Designer Used Example Sentences In A Dictionary To Create Wonderful Short Stories

Bibliophile or not, you'll enjoy this.

Inspiration strikes from the most accidental places. For designer and illustrator Jez Burrows, it came from the dictionary. Looking up the definition of a word one day, Burrows stumbled upon the word "study" and the curiously charming example demonstrating how to use it in a sentence.

"The sentence read: 'He perched on the edge of the bed, a study in confusion and misery,' " he told It's Nice That. "The language of dictionary definitions is all very plain and functional, so seeing this incredibly heavy and evocative sentence in amongst it all really struck me and seemed like the beginning of a short story."

Thus "The Dictionary Stories" was born, a project that compiles example sentences from the dictionary to create short but arresting stories — like this one, 'Noir,' Burrows' personal favorite.

"Almost every word you'll find in the dictionary is accompanied by an example sentence," Burrows detailed in the site's information page

"These sentences — either written or sourced by fearless lexicographers — are intended to demonstrate the most probable usage of a word, in order to help you use it correctly. All the stories collected here are written entirely using example sentences from the New Oxford American Dictionary, with nothing added except some punctuation to piece them together. The words that spawned each sentence are underlined." (The underlined versions are available on the website.)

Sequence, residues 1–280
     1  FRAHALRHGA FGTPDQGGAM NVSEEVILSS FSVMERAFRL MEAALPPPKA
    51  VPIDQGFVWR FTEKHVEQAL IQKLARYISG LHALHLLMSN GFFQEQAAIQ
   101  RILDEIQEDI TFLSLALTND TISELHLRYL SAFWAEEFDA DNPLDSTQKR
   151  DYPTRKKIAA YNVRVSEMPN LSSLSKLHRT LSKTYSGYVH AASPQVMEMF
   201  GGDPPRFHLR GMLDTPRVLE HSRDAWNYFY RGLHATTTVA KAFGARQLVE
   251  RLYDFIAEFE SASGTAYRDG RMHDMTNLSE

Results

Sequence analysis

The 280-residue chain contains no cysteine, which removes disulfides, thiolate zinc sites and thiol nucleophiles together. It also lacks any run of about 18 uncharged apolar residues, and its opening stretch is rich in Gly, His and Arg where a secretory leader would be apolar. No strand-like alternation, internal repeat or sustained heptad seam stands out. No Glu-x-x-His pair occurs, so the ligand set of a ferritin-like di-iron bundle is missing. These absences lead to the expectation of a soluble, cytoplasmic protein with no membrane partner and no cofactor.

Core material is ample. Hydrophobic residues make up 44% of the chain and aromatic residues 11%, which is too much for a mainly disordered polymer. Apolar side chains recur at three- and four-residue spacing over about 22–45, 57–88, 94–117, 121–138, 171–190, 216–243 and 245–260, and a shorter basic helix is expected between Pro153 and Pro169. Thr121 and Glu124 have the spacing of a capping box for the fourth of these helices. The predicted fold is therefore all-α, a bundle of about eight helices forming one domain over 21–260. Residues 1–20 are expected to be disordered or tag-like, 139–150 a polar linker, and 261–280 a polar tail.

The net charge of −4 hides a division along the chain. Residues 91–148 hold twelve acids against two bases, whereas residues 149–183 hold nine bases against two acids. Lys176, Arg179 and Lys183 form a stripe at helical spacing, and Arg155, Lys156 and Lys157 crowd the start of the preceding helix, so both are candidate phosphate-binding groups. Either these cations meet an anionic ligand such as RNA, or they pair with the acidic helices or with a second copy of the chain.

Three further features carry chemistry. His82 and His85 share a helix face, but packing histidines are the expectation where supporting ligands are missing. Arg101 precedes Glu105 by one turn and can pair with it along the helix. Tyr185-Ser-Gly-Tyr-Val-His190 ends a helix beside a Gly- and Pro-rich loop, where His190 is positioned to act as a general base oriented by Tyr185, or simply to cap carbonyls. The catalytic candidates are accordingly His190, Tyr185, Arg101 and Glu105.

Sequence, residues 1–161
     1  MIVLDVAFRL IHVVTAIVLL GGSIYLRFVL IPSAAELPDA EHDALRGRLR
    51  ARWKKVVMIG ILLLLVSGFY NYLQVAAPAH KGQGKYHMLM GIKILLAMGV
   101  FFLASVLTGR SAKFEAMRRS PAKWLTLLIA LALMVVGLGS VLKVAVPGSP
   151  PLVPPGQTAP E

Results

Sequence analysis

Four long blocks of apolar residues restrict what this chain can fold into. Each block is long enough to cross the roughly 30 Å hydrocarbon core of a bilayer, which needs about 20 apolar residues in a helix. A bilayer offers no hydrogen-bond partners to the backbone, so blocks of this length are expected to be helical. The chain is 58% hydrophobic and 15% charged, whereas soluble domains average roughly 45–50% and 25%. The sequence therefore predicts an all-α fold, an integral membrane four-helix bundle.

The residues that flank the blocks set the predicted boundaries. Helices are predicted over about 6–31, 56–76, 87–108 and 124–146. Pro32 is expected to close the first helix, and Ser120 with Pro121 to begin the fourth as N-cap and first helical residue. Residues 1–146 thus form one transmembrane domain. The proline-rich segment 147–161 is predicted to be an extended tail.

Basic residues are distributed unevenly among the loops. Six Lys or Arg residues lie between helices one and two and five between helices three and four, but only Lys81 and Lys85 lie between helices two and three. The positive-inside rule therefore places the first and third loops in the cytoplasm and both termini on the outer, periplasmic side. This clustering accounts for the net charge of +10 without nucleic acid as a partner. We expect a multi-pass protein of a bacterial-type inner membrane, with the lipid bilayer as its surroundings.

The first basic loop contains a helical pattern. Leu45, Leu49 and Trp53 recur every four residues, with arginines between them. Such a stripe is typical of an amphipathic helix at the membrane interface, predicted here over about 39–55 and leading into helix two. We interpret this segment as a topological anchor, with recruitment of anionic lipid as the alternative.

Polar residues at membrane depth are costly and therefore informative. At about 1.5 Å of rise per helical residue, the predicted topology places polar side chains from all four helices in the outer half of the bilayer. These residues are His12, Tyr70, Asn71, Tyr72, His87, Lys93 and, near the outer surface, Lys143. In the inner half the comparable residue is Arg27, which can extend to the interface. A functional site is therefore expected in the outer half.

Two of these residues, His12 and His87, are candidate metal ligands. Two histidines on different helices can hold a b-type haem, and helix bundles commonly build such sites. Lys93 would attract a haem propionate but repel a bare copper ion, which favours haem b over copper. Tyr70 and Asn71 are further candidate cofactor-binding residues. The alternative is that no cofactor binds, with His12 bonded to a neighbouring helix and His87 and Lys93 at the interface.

How does he do it?

Burrows told A Plus in an email that his process is mostly random. "Usually I'll just come across one specific sentence (or a group of sentences) that will suggest a story or a concept and I'll go from there," he noted. "I sometimes have vague plans for stories ... but so far all my favorite stories have come about completely serendipitously."

In fact, Burrows is so engrossed in his project that he has begun a collection of these sentences.

"I have an enormous text file of hundreds of sentences that I think might go somewhere," he told It's Nice That. "I love seeing sentences which I swear can't be used, then finding another that unlocks the potential for narrative. Although I'm not so sure I'll ever be able to use 'The country is heavily dependent on banana exports.' "

The Dictionary Stories has received notable media attention, but Burrows hardly expected that. "This project has shown me that I am terrible at anticipating what projects people will respond to," he wrote to A Plus. 

"I like to think that they're compelling in the way that any sort of collage is, be it visual, musical, or textual — it's fun watching this tightrope walk of building something cohesive out of lots of disparate parts. One of my favorite bands ever, The Books (now sadly defunct), did exactly this — build songs out of found sound and dialogue — if I can even approximate how incredible some of their work was, I'll be happy."

Read more of his remarkable stories here:

And, our favorite:

Cover image via iStock/alga38